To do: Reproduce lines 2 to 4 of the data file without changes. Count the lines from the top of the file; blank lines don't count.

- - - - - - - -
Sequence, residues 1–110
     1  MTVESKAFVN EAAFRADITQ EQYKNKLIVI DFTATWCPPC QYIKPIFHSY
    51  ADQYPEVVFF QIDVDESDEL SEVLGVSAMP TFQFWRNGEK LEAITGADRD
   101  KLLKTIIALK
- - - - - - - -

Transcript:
     1  MTVESKAFVN EAAFRADITQ EQYKNKLIVI DFTATWCPPC QYIKPIFHSY
    51  ADQYPEVVFF QIDVDESDEL SEVLGVSAMP TFQFWRNGEK LEAITGADRD
   101  KLLKTIIALK